ASUS Transformer Pad TF103C: A Useful hybrid tablet

The Transformer Pad TF103C is an interesting transforming tablet and ASUS has by now mastered the art of making transformers. It’s works on the quad-core Atom Z3745—that’s more commonly found in Windows machines (Android devices are more typically powered by ARM chips). The Android OS (Android 4.4, aka KitKat in this case) has  8GB of storage, and it runs well with just 1GB of RAM.  Let us take a look at this interesting device today.


This Transformer feels  premium and gritty like so many earlier models that ASUS made. The tablet is curved, with a soft-touch back that feels great in your hand. It measures just 0.4 inches thick—and weighs in at only 1.2 pounds.

The main difference between the Android-based TF103C’s 10.1-inch display and the same-sized display in the Windows-based TF100 is that the Android tablet’s screen has resolution of 1280×800 pixels, where the T100’s screen delivers resolution of 1366×768.

The TF103C doesn’t have as many I/O ports as you’ll find on a Windows laptop. There’s micro USB for charging and a microSD card slot additional storage. You’ll need to attach the keyboard to get a full-size USB 2.0 slot. The main issue is that the keyboard dock IS NOT AVAILABLE IN INDIA! Bad move ASUS!

Tablet’s capabilities include a headset jack, stereo speakers, a rather low-res (0.3 megapixels) front-facing camera, and a 2MP camera on its back. The TF103C supports 802.11a/b/g/n Wi-Fi, Bluetooth 4.0, and Miracast (for wireless video streaming to displays that support that standard).

If you can get the keyboard dock, it is comfortable to type on, with keys that are as well-spaced as they can be for a 10-inch device. I found the trackpad surprisingly useful with Android. It’s actually easier to move your finger to the keyboard deck than to reach across the keyboard to use the touchscreen. Function keys are more specific to the OS and are moderately useful as such.


There are some issues though. Clicking and dragging on text does not highlight it. I had to reach up and hold my finger on the screen, then push the cursor around to highlight text. This can hinder a lot of productivity if you are trying to work with large documents or sending long emails. These are two things that most people do in the office, so this might be a setback.

The Chrome web browser is pre-installed, but I found that many of the sites I frequent either loaded much more slowly, or went to the mobile versions. I had to use bookmarks to make sure the right versions load, but the slow loading was more problematic. Feedly has a wonderful mobile app that’s great for reading news on my phone, but I found it too awkward when scaled up to tablet size. And like I said earlier, I had to reach up and touch the screen to scroll versus using the keyboard shortcuts I’m used to in the browser. This is an irritant when using for a long time.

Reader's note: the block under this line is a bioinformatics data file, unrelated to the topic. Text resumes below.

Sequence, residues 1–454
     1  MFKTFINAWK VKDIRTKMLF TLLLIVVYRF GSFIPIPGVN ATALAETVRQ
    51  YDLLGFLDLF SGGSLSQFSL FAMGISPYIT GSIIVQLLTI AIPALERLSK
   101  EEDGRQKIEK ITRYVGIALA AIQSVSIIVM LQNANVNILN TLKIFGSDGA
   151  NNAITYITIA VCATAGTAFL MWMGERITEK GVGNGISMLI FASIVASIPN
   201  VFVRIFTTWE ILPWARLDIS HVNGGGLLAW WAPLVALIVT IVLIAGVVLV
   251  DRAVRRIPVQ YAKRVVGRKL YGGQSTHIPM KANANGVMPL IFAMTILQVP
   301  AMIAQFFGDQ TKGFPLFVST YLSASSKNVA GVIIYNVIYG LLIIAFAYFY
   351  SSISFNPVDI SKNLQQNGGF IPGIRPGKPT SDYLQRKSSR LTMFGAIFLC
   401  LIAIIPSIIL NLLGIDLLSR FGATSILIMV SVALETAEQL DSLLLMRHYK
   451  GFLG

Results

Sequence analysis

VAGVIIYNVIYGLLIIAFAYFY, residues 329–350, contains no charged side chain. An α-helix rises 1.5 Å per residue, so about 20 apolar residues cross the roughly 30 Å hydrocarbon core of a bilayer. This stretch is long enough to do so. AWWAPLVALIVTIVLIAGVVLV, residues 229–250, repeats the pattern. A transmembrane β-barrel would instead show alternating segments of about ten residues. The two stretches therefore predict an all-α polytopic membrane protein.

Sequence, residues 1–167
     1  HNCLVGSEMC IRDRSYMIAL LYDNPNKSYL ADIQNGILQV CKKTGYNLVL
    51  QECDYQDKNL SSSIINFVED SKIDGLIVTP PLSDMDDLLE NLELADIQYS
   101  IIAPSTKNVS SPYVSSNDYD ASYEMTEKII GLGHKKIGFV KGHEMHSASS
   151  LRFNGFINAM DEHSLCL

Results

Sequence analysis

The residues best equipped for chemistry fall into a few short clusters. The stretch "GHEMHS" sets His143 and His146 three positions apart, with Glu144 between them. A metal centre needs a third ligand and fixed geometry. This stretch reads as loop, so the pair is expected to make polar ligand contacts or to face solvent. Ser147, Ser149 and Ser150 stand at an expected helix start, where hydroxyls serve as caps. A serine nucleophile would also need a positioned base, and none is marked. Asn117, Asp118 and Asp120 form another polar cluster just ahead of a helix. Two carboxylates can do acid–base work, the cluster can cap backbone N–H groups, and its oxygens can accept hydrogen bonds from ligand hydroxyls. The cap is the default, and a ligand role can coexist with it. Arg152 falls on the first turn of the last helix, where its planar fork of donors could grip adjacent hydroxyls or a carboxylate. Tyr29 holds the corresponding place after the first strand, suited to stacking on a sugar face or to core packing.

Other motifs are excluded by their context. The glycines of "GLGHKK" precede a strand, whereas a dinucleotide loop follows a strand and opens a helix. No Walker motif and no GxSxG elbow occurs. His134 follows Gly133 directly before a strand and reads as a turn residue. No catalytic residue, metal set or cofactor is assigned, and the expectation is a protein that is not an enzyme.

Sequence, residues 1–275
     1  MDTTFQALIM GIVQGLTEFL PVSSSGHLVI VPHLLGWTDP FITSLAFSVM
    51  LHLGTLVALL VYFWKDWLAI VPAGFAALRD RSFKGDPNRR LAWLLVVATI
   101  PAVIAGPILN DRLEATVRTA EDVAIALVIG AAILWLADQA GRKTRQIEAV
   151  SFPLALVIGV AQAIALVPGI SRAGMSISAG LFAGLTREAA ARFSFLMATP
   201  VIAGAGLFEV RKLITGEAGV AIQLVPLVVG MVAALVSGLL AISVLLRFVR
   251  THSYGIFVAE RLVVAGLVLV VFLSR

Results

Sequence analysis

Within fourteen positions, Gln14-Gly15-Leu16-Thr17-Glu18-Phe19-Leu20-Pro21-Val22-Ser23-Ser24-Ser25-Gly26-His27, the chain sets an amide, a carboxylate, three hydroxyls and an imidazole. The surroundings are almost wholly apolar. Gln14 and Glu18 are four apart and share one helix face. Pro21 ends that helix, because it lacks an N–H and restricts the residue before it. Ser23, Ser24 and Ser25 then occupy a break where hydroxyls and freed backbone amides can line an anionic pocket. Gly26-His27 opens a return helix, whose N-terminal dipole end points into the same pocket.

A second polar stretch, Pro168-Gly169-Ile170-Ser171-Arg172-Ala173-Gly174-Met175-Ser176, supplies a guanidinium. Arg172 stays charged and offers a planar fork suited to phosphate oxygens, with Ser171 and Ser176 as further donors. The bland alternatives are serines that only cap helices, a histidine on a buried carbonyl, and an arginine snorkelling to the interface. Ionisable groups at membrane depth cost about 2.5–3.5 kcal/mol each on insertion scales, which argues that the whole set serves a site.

I had to abandon some other Android apps that I love to use on my phone, because they just don’t play nicely with tablet-sized devices. I found myself just giving up on the keyboard for browsing and navigating certain apps, choosing instead to pick up the tablet and just use it on the couch rather than pretend I had a laptop.

But if you are a person who tweets, updates FB, blogs and send emails a lot in a day with breaks to watch movies or listen to music, this tablet is good, very good!


But sadly, it is not good enough to replace your PC yet, development or design with this one is a big challenge. I would recommend this for regular users with light usage patterns. But power users who need to get work done, they have to wait a bit. But given ASUS efficiency and control over this segment, they will do something soon.


  • Solid build quality
  • Good price-to-performance ratio
  • ASUS UI is brilliant
  • Tablet part is sturdy and well thought out
  • Very good keyboard dock


  • Short battery life
  • Relatively weak as a productivity tool
  • Non Availability of the keyboard dock in India


The Transformer Pad TF103C is a solid tablet for entertainment and other casual uses, but it won’t replace a true notebook if you’re looking to boost your productivity while you’re on the road.



About Shakthi

I am a Tech Blogger, Disability Activist, Keynote Speaker, Startup Mentor and Digital Branding Consultant. Also a McKinsey Executive Panel Member. Also known as @v_shakthi on twitter. Been around Tech for two decades now.

View all posts by Shakthi →